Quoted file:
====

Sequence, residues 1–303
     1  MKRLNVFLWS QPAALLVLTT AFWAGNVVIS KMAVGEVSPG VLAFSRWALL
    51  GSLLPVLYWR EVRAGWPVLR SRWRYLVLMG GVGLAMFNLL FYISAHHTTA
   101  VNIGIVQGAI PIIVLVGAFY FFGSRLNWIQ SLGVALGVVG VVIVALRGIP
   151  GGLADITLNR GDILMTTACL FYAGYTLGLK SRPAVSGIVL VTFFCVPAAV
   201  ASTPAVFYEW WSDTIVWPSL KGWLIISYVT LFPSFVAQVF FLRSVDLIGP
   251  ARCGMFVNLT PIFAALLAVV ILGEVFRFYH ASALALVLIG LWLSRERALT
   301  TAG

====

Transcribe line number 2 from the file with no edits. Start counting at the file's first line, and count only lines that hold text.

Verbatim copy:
     1  MKRLNVFLWS QPAALLVLTT AFWAGNVVIS KMAVGEVSPG VLAFSRWALL